A Treatise on the Law of Private Corporations Aggregate

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C.C. Little and J. Brown, 1846 - 795 páginas

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CHAPTER II
53
HOW THE BODY CORPORATE IS CONSTITUTED AND OF ITS NAME
73
OF THE DISFRANCHISEMENT AND AMOTION OF MEMBERS AND OFFICERS
87
Of whom composed
98
Void and voidable elections
102
Failure in the appointment of officers whether or not a dis
108
Of grant of lands c to a corporation by charter as dis
130
CHAPTER VI
163
Their mode of transacting business statutes concerning
169
Construction of grants
177
CHAPTER VIII
198
A corporation not bound by the separate and individual
204
Sect
224
What special contracts a corporation may make and how
229
General powers
255
The power of an agent how terminated
275
By what species of contracts the agents of a corporation
283
When an agent may maintain an action on a contract made
308
CHAPTER X
323
The bylaws of a corporation must not be inconsistent with
338
CHAPTER XI
372
Of the right of a foreign corporation whose members
379
Probable origin of the incidence of a common seal to every
382
Modes of action
383
In what cases they are subject to indictment
392
Of their power and liability to sue and be sued in the U
400
Sect Page
404
Voluntary amotion or resignation
424
In what town they are taxable upon real and personal
430
Taxes upon corporations deriving income
443
OF THE CORPORATE MEETINGS AND OF THE CONCURRENCE NECES SARY TO DO CORPORATE ACTS DAL 10 D
452
Rules as to the necessity of giving notice
453
The issuing and service of notice
454
When and how it should be given
455
CHAPTER IV
457
Of the place of meeting
458
Corporation bound by acts of the majority
459

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Página lvi - Being the mere creature of law. it possesses only those properties which the charter of its creation confers upon it, either expressly, or as incidental to its very existence. These are such as are supposed best calculated to effect the object for which it was created. Among the most important are immortality, and, if the expression may be allowed, individuality ; properties, by which a perpetual succession of many persons are considered as the same, and may act as a single individual.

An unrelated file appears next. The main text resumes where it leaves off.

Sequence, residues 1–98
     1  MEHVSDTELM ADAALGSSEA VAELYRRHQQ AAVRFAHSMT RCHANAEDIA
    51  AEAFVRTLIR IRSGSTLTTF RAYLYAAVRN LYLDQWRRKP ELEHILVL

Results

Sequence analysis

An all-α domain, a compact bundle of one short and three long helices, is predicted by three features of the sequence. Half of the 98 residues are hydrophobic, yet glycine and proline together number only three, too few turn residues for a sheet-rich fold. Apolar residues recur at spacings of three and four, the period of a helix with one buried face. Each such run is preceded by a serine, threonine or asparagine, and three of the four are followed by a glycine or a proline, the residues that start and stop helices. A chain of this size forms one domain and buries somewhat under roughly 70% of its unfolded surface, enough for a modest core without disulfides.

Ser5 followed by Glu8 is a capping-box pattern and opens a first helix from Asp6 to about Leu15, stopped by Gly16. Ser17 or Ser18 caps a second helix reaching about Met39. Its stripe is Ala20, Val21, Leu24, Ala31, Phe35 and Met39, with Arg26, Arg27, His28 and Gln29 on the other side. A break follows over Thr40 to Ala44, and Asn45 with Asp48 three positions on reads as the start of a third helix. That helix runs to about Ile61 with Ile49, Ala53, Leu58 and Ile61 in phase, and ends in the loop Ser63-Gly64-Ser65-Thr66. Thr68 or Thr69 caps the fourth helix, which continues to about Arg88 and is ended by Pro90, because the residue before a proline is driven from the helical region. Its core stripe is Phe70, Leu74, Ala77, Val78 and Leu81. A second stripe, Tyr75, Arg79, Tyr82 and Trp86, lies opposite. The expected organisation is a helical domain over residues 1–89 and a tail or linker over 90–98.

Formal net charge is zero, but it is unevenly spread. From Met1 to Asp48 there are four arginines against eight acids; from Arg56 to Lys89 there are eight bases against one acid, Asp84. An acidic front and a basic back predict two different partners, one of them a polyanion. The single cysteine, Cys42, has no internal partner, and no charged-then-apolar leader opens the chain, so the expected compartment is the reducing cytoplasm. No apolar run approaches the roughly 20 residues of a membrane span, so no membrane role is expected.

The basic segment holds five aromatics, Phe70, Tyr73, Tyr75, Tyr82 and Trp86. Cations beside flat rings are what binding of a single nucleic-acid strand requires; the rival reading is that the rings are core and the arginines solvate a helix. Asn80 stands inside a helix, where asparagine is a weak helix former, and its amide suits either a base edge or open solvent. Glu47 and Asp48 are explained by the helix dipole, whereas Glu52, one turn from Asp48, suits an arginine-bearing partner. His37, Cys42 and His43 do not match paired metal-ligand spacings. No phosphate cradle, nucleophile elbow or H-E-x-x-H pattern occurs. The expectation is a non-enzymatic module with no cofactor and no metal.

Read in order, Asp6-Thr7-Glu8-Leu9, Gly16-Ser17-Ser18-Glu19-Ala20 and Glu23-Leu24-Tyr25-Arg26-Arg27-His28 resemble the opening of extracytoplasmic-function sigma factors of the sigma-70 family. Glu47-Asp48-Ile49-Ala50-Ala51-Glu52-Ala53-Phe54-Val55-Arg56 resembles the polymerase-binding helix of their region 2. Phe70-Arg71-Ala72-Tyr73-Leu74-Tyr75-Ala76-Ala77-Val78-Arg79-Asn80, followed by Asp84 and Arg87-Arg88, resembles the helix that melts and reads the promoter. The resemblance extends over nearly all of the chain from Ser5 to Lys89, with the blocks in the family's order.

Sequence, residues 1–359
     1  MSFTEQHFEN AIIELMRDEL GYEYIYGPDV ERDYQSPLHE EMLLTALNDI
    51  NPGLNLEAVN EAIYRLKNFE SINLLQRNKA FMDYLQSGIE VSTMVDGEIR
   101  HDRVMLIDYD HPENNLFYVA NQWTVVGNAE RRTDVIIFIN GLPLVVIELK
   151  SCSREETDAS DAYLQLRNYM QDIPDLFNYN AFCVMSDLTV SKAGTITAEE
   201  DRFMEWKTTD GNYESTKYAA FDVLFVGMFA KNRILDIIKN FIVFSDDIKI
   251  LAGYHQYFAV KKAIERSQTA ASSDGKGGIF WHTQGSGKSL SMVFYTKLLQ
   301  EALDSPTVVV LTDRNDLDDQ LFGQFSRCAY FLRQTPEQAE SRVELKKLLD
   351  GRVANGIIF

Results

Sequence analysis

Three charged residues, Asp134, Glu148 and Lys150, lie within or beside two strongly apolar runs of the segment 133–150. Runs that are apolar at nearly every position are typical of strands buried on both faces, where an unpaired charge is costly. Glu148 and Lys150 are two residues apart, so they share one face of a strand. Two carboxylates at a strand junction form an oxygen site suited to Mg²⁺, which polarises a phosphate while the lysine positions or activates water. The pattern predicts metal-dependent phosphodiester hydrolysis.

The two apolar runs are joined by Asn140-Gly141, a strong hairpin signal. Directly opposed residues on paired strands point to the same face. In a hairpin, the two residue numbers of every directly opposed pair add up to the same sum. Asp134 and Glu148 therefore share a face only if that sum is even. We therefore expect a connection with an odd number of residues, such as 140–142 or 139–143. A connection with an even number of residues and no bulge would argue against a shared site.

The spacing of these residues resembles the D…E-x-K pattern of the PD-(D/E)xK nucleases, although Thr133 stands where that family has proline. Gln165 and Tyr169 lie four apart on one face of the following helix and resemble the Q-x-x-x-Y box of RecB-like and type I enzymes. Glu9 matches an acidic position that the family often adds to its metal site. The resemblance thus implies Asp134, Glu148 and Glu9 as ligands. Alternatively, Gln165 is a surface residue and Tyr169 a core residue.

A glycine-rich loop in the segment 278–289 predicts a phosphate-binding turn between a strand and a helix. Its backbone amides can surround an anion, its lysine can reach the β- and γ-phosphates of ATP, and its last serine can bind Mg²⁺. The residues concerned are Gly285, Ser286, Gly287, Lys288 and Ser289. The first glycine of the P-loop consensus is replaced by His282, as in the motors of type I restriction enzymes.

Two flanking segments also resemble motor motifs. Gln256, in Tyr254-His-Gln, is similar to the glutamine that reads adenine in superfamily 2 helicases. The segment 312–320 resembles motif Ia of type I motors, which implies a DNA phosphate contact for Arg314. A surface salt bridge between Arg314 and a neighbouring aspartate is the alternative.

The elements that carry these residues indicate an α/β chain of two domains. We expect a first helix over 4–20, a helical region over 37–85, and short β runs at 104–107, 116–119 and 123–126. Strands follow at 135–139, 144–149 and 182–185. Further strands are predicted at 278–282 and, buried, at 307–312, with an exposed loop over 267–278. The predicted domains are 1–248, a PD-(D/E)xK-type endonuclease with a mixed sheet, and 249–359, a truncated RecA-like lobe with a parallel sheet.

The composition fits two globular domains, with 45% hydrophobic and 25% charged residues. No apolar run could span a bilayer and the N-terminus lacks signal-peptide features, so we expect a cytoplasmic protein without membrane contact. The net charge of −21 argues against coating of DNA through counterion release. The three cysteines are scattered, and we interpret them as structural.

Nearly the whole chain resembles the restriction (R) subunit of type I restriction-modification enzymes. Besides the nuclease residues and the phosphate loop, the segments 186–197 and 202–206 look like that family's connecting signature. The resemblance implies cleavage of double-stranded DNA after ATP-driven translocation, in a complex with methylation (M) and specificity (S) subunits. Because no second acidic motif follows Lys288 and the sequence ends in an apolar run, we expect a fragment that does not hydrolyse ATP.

Página 444 - The sovereignty of a State extends to everything which exists by its own authority or is introduced by its permission ; b*ut does it extend to those means which are employed by Congress to carry into execution powers conferred on that body by the people of the United States ? We think it demonstrable that it does not.
Página 382 - Accordingly it would seem to be a sound rule of law, that wherever a corporation is acting within the scope of the legitimate purposes of its institution, all parol contracts made by its authorized agents are express promises of the corporation; and all duties imposed on them by law, and all benefits conferred at their request, raise implied promises, for the enforcement of which an action may well lie.
Página 102 - If officers of the corporation openly exercise a power which presupposes a delegated authority for the purpose, and other corporate acts show that the corporation must have contemplated the legal existence of such authority, the acts of such officers will be deemed rightful, and the delegated authority will be presumed.
Página 444 - It is of the very essence of supremacy to remove all obstacles to its action within its own sphere, and so to modify every power vested in subordinate governments as to exempt its own operations from their own influence.
Página 376 - ... to sue and be sued, plead and be impleaded, answer and be answered, defend and be defended, in courts of record, or any other place whatsoever.
Página 444 - That the power to tax involves the power to destroy ; that the power to destroy may defeat and render useless the power to create ; that there is a plain repugnance in conferring on one government a power to control the constitutional measures of another, which other, with respect to those very measures, is declared to be supreme over that which exerts the control, are propositions not to be denied.
Página 57 - That a corporation must be considered as a means not less usual, not of higher dignity, not more requiring a particular specification than other means, has been sufficiently proved. If we look to the origin of corporations, to the manner in which they have been framed in that government, from which we have derived most of our legal principles and...
Página 431 - ... remedy. The very charter, which is held out to exclude Parliament from correcting malversation with regard to the high trust vested in the Company, is the very thing which at once gives a title and imposes a duty on us to interfere with effect, wherever power and authority originating from ourselves are perverted from their purposes, and become instruments of wrong and violence.
Página 445 - This opinion does not deprive the States of any resources which they originally possessed. It does not extend to a tax paid by the real property of the bank, in common with the other real property within the State, nor to a tax imposed on the interest which the citizens of Maryland may hold in this institution, in common with other property of the same description throughout the State.

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